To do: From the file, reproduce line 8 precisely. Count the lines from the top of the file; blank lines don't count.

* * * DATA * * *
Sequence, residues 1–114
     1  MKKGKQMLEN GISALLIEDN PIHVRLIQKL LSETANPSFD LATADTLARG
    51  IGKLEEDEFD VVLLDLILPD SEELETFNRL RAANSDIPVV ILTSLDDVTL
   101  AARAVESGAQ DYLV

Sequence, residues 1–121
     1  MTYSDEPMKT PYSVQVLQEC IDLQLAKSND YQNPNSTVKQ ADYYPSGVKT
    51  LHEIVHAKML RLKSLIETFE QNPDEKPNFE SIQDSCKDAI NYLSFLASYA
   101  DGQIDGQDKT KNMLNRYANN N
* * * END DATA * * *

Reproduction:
   101  DGQIDGQDKT KNMLNRYANN N